The new horror film Don’t Breathe from director Fede Alvarez (Evil Dead, Panic Attack) was the first film I’d seen in the cinema since Christmas. I was excited to again feel the experience of the cinema and the thrill of being frightened. Don’t Breathe, while occasionally indulging maybe a little too much in the tropes of the horror, succeeded in reinvigorating my love for the physical cinema theatre.
The story follows Rocky (Jane Levy) and her friends and partners in crime Money (Daniel Zovatto) and Alex (Dylan Minnette) as they try to rob the house of a wealthy retired blind veteran. Except, as you can expect, it’s not quite that simple. Alvarez and his co-writer Rodo Sayague play on the heightened senses humans gain when one sense is lost. The typical antagonist of The Home Invasion thriller (the burglars) are no longer the primary villains. Instead the veteran Norman Nordstrom (Stephen Lang) becomes one of the most humanly terrifying villains I’ve encountered on film. Their plan to steal his money becomes a dangerous and trauma inducing decision, during which we are on edge oddly cheering them on to survive and to ultimately win.
I want to just quickly address my statement suggesting it indulges a bit much in “the tropes of the horror” because this for me is still an undecided and paradoxical belief. When looking at the plot for Don’t Breathe before deciding to see it I couldn’t help but think of another impressive 2016 horror: Mike Flanagan’s ‘Hush’. Both play on senses, but more importantly both play more on the horror genre than most have done in the past. Both films present us with a sensual statement that tells us that the possibilities of Horror are not all exhausted, that there’s so much more experimentation to come. Here’s where I confuse myself, the tropes I’m thinking about (the prolific music and sound effects, the backgrounds of some of the characters etc) may still be necessary. In order to experiment with film, you still occasionally need the typical elements of that genre in order to progress it. If we take the lovey-dovey out of a Romance many audiences will not define it as a Romance and as a result it cannot be sold as such. So although some moments in Don’t Breathe feel a little too familiar, even it isn’t intentional, it is, for the moment, necessary in order to introduce Alvarez’ new take on the horror.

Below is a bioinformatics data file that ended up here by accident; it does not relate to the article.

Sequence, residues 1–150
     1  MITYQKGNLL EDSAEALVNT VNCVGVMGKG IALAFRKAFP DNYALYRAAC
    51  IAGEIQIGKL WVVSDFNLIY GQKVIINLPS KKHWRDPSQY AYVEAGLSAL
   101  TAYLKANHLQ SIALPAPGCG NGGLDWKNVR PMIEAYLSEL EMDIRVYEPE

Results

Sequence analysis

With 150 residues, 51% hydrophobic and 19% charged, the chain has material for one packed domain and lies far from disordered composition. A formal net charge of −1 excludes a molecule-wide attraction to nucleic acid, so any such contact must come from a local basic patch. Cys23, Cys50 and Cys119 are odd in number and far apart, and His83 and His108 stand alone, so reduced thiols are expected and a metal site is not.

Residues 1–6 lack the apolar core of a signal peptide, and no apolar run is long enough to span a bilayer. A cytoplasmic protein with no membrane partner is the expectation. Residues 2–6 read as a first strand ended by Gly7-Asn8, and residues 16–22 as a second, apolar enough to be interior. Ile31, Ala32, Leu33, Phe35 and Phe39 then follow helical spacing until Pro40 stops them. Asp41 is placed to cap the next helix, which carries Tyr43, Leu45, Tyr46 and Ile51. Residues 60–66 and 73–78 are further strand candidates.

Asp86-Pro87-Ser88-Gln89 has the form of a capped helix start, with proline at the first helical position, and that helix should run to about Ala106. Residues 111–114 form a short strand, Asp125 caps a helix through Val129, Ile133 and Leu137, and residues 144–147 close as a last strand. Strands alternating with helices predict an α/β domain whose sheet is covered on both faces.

One of the most unfortunately striking differences (and I say unfortunately because it shouldn’t be striking) is the casting of a female lead who isn’t useless, weak or innocent. It is refreshing to see a woman in possibly one of the most prominent roles of the film, showing not only her weakness and fright BUT primarily her dedication to her daughter and her strength. In fact the weak ones, arguably, are the men. Money is aptly greedy, frustratingly arrogant and macho but weak in the sense of naivety and… well.. common sense. Alex is much more likable as a character, but while showing some bravery, is one of the most frightened and innocent of them all.